Academic journal article Human Factors

Why Better Operators Receive Worse Warnings

Academic journal article Human Factors

Why Better Operators Receive Worse Warnings

Article excerpt

INTRODUCTION

The introduction of advanced technologies to practically all domains of life has increased the availability of dynamic warnings, alarms, and decision aids that are designed to help people in the performance of tasks or to alert them about potential hazards. Warnings can be considered as a basic form of automation through which a system informs the operator about the possible existence of a problem. Systematic research and informal observations show that operators may come to rely to different degrees on warnings and alarms. One extreme is the so-called cry-wolf phenomenon (Breznitz, 1983), in which an operator ceases to respond to a valid warning (see also Bliss, Gilson, & Deaton, 1995). Even when operators continue to respond, their responses are likely to be slow when a high percentage of warnings are not justified (Getty, Swets, Pickett, & Gonthier, 1995). In extreme cases the operator may even actively disable a warning system if it gives too many invalid warnings (Sorkin, 1988). The other extreme is akin to automation bias (Mosier, Skitka, Heers, & Burdick, 1998) or the notion of complacency when using automation (Parasuraman, Molloy, & Singh, 1993). Here operators rely strongly on automation and miss instances in which the automation fails. In the context of warnings, the operator may come to rely entirely on the warning system and ceases to attend to additional information.

The fact that operators respond in complex ways to warnings and may alter their responses over time poses a major challenge for system designers, who need to specify the characteristics of warning systems that will be implemented in a device. It would be ideal to be able to predict how people will respond to warnings, given the characteristics of the warning and other relevant variables.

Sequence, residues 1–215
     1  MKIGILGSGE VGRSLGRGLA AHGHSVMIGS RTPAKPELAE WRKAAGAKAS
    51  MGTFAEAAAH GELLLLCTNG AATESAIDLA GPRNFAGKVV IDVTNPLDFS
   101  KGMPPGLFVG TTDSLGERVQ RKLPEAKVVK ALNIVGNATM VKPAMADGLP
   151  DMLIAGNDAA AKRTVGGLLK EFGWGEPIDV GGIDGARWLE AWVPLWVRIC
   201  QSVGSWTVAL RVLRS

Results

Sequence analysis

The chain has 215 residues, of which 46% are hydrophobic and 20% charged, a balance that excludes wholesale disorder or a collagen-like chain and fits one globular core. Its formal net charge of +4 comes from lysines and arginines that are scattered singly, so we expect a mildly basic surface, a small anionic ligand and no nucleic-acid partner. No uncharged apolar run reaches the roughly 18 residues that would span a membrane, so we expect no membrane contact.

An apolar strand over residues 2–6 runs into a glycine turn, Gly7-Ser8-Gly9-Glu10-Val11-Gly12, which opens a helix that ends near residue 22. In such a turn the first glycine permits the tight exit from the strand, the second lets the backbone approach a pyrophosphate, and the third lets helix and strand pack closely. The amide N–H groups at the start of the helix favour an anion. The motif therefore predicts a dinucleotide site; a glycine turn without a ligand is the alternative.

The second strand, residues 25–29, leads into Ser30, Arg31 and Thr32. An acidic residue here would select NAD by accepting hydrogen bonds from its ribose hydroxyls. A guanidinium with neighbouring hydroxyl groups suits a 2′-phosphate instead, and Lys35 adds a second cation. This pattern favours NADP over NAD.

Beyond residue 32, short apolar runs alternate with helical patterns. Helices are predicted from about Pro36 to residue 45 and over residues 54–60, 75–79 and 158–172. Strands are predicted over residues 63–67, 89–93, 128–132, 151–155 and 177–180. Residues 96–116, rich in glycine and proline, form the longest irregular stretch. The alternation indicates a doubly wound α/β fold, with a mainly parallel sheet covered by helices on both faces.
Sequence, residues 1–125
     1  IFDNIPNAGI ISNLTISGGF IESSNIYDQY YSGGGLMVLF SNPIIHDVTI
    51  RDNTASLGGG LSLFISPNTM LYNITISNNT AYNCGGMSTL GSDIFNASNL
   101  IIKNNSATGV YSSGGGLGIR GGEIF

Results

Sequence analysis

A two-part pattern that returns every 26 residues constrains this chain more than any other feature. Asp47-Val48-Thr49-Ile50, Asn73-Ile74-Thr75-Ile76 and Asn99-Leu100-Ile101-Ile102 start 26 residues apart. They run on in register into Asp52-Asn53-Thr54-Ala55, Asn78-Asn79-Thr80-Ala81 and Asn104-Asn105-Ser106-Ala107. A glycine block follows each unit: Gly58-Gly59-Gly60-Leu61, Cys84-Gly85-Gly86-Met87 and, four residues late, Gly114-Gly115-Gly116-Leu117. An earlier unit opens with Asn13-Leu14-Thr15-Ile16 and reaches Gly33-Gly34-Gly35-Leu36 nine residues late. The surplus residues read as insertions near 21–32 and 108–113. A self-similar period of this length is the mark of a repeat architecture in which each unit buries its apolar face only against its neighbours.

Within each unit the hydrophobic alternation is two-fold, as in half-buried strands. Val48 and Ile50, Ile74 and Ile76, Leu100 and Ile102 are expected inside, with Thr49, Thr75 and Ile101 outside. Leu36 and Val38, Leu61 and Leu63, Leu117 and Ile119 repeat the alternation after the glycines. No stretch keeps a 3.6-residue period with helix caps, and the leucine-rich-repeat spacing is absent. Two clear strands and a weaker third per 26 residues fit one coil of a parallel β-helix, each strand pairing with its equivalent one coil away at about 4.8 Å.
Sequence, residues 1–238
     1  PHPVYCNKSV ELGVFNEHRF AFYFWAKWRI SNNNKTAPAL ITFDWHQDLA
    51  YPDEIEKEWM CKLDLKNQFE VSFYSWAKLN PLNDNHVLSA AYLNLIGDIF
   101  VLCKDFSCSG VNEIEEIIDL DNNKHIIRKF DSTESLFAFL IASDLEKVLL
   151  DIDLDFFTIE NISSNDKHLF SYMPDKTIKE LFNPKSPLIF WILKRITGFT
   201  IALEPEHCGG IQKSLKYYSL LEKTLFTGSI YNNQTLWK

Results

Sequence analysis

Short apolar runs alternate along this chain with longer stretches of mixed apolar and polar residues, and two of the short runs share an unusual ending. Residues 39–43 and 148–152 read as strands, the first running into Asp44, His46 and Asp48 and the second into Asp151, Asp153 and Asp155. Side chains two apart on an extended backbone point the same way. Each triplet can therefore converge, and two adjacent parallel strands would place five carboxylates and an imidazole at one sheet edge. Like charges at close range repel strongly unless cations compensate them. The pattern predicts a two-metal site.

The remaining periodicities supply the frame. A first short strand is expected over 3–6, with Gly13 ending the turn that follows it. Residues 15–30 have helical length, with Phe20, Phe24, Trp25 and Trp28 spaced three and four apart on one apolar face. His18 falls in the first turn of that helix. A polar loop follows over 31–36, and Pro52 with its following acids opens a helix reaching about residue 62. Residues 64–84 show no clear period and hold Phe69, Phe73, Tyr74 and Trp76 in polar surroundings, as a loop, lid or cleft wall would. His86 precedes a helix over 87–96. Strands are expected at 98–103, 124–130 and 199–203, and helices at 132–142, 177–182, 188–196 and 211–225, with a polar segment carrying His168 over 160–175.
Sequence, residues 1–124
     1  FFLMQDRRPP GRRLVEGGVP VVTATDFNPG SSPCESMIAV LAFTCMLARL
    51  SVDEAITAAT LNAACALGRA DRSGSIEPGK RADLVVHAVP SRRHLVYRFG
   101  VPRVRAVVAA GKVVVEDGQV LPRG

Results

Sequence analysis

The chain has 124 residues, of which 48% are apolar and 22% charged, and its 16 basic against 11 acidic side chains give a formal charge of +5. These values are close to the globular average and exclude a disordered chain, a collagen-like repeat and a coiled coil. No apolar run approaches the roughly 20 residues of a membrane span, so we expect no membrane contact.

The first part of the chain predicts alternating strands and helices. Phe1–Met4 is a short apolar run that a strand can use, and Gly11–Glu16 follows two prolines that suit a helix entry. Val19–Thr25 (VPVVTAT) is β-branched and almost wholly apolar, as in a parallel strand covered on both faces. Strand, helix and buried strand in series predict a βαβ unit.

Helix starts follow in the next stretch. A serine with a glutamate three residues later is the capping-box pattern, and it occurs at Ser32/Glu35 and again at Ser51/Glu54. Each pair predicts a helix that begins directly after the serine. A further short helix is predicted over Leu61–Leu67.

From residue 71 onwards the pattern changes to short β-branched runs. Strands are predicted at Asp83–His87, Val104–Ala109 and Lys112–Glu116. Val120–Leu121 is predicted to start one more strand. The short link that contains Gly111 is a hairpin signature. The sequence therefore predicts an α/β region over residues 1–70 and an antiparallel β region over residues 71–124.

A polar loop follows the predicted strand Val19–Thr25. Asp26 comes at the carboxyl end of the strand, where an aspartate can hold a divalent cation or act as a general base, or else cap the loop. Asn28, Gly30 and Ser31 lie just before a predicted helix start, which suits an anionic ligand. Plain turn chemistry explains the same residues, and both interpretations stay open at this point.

Warning systems are usually viewed as having specific, fixed levels of validity. The present paper demonstrates that this view may not always be appropriate. We suggest that the occurrence of hazard warnings in complex systems often depends on the operators' characteristics, and that the diagnostic value of a warning system will usually decrease for better operators.

CHARACTERIZING WARNING SYSTEMS

For the simplest warning system there are two possible states of the monitored variable, such as normal operation and failure, and a binary warning indicates the state of the system (e.g., a green or red indicator light, or a warning that it is on or off). We will refer to the two system states as N for normal operation and F for a system failure. Accordingly, the output of the warning system will be labeled as n when the system indicates normal operation and f when it indicates a failure. The two states of the system and of the warning form four combinations, which can be labeled as true positive (TP) for a warning that is given when there is a failure (f\F), true negative (TN) for no warning when the system is intact (n\N), false positive (FP) for a warning that is given when the system is intact (f\N), and false negative (FN) for no warning when there is actually a failure (n\F). Other terms that are frequently used are hit for TP, correct rejection for TN, false alarm for FP, and miss for FN. See Figure 1 for a schematic depiction of the four combinations.

One common way to describe the diagnostic value of a system is through the probability of hit, which is the percentage of TP out of all failure events:

p(hit) = p(f\F) = TP/TP + FN.

In medical terms this measure is referred to as the "sensitivity" of a diagnostic test. It is usually accompanied by the probability of false alarm, which is the percentage of FP out of all normal events:

p(FA)= p(f\N) = FP/FP + TN.

The corresponding medical term is

1 - p(FA) = p(n\N) = TN/FP + TN,

which is the "specificity" of the test (Swets & Pickett, 1982). …

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